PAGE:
Event offerings include a wine competition followed by a medal celebration, a variety of wine-focused classes, intimate winemakers’ dinners, barrel auction, the Miracle Auction and salmon bake, and a grand tasting.
Last year, the event raised more than half a million dollars for charity.
For tickets and more information, visit www.theoregonwineexperience.com or call 541-789-5025.
Organized by Southern Oregon University in Ashland and hosted by McMinnville’s Linfield College, the 11th International Terroir Congress is making its North American debut in the northern Willamette Valley, July 10–14.
“This is a huge win to gain some international exposure to scientists and people that do terroir-based research,” said Greg Jones, an environmental science professor at Southern Oregon University, who is leading the planning efforts.
The Society of International Terroir Experts gathers every other year. During the last congress in Tokaj, Hungary, Jones nominated Oregon against a Spanish venue, and it was selected. For many of these scientists — Jones expects 150 to 180 delegates — this will mark their first time visiting Oregon.
The congress includes a wide variety of oral presentation sessions, poster sessions, site visits around the region and wine tastings representing the greater Pacific Northwest.
For more information, visit www.terroircongress.org. Look for a news story about the event in the August edition of OWP.
Cellar 503 in the House
Boutique wine club Cellar 503 has opened a tasting room in S.W. Portland. Situated in a home built in the 1890s, the 1,000-square-foot space offers a cozy, residential atmosphere.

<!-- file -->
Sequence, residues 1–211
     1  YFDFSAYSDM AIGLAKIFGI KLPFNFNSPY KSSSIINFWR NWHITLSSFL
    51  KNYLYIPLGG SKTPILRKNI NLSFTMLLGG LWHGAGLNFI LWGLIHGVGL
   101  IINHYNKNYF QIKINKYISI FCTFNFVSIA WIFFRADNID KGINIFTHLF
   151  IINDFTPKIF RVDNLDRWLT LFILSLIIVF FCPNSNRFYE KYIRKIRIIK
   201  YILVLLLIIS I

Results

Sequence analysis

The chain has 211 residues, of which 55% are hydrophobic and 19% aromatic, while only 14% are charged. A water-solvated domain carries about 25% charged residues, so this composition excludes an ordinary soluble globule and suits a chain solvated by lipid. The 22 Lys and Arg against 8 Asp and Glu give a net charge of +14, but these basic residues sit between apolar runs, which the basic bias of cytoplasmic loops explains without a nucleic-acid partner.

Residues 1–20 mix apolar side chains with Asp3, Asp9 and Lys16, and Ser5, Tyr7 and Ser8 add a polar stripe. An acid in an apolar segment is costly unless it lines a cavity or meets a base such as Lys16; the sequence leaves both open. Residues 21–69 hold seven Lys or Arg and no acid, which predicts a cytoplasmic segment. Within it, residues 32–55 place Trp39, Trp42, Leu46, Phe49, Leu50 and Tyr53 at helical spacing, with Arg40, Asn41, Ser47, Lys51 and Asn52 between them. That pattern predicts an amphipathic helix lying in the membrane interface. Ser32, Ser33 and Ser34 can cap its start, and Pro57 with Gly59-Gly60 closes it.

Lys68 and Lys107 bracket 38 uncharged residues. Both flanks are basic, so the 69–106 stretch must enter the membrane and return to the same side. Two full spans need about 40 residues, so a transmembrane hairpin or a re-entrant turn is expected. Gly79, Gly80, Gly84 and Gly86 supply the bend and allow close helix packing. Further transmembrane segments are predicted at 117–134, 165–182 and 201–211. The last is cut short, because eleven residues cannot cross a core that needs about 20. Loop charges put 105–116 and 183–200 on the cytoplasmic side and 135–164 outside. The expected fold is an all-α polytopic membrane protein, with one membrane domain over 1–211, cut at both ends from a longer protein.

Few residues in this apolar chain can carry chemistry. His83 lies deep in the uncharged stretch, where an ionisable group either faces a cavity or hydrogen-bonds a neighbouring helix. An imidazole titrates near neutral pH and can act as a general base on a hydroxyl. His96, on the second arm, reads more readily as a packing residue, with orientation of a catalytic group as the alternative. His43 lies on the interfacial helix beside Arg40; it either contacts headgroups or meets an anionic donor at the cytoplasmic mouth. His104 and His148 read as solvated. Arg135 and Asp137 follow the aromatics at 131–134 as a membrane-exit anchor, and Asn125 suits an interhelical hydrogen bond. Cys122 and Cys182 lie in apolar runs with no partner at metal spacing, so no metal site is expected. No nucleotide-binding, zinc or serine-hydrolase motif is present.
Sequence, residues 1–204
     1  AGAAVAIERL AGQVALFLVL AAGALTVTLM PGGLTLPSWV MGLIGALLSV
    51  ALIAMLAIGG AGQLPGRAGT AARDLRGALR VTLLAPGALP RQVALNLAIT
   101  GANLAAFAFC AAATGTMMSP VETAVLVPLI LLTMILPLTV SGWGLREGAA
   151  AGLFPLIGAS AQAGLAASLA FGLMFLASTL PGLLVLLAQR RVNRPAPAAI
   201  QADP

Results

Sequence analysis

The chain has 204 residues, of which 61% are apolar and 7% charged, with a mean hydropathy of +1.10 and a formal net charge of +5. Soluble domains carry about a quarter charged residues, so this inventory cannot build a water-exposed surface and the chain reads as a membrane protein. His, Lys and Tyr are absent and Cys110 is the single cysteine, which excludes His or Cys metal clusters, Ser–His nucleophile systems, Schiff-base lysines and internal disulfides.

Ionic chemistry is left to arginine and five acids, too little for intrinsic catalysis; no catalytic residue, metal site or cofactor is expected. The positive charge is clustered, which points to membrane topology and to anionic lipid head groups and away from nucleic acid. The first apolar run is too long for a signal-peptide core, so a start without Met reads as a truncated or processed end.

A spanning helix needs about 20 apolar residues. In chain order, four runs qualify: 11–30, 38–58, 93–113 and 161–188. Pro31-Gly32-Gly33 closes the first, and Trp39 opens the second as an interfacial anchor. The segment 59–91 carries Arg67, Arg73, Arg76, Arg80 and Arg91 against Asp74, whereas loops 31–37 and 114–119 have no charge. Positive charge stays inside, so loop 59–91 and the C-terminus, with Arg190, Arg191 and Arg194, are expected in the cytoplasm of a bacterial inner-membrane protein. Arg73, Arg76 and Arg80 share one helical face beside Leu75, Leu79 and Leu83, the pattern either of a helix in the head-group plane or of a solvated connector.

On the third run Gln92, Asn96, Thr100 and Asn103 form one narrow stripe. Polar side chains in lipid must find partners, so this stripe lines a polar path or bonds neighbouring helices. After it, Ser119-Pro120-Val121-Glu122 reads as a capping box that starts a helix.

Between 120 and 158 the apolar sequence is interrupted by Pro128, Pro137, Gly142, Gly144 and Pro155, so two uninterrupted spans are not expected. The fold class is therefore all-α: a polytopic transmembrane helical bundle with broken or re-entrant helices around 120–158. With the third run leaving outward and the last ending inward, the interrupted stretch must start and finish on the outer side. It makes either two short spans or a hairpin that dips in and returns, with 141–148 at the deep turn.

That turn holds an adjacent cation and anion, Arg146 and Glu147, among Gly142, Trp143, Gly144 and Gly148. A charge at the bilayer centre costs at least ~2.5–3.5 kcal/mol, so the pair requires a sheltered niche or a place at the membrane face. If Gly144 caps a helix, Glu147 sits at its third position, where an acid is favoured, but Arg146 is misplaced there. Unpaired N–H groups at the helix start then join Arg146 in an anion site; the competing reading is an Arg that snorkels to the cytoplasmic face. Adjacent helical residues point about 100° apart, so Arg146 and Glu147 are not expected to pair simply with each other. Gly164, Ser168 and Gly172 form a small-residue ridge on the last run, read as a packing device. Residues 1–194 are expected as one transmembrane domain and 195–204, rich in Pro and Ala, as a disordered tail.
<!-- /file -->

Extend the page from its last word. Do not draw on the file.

Designed by Ideaspark, the interior evokes a vintage industrial aesthetic, with elements designed by local craftsmen. A copper bar, reclaimed hardwood tables, Chesterfield sofa, hand-tufted area rug, farmhouse lighting, historic Oregon photos, cork wallpaper and custom mural by Jeffrey Francoeur provide a distinct style. Outside, a patio with heaters gives customers an al fresco alternative.
The tasting room, located 4407 S.W. Corbett Avenue, is open to the public by appointment and for monthly Sip 503 tasting events on the third Sunday of each month, 2 to 5 p.m., and are open to all.
For more information, visit www.cellar503.com.
Brand Sparkling New RMS
Rollin Soles’ legacy is intricately intertwined with the story of sparkling wine in Oregon. He built Oregon’s first sparkling wine facility in 1987 with Argyle Winery and continues to serve as a mentor to their winemaking program.
The Willamette Valley, with its cool-climate production of Chardonnay and world-class Pinot Noir, is ideal for sparkling wine. As a shareholder in Radiant Sparkling Wine Company, Andrew Davis’ custom-crush company dedicated to traditional bubbles, Soles has helped to increase Oregon’s offerings.
After involvement in Oregon sparkling wine almost from the beginning, Soles’ name has moved from the back label to the front. ROCO Winery will release the 2013 RMS (Rollin Michael Soles) Brut this fall.
The new méthode Champenoise wine is a blend of Pinot Noir and Chardonnay sourced from higher-altitude vineyards in a variety of Willamette Valley AVAs: Blossom Ridge (Eola-Amity Hills), Vista Hills Vineyard (Dundee Hills) and Gran Moraine (Yamhill-Carlton).
“After 30 years of making fine sparkling wine, I feel like it’s part of my body and soul,” he said.
When Soles tasted the wine in the early production stages, Soles was pleased. “Two and a half years later, the wine is exceeding my expectations,” he said.
He predicts, with time, the Willamette Valley will become the top New World wine region for fine, complex sparkling wines.
Approximately 700 cases were made of the 2013 RMS Brut ($65). Following the tradition of the great Champagne houses, 100 cases will be held for future disgorgement in 2023. For more information, visit www.rocowinery.com.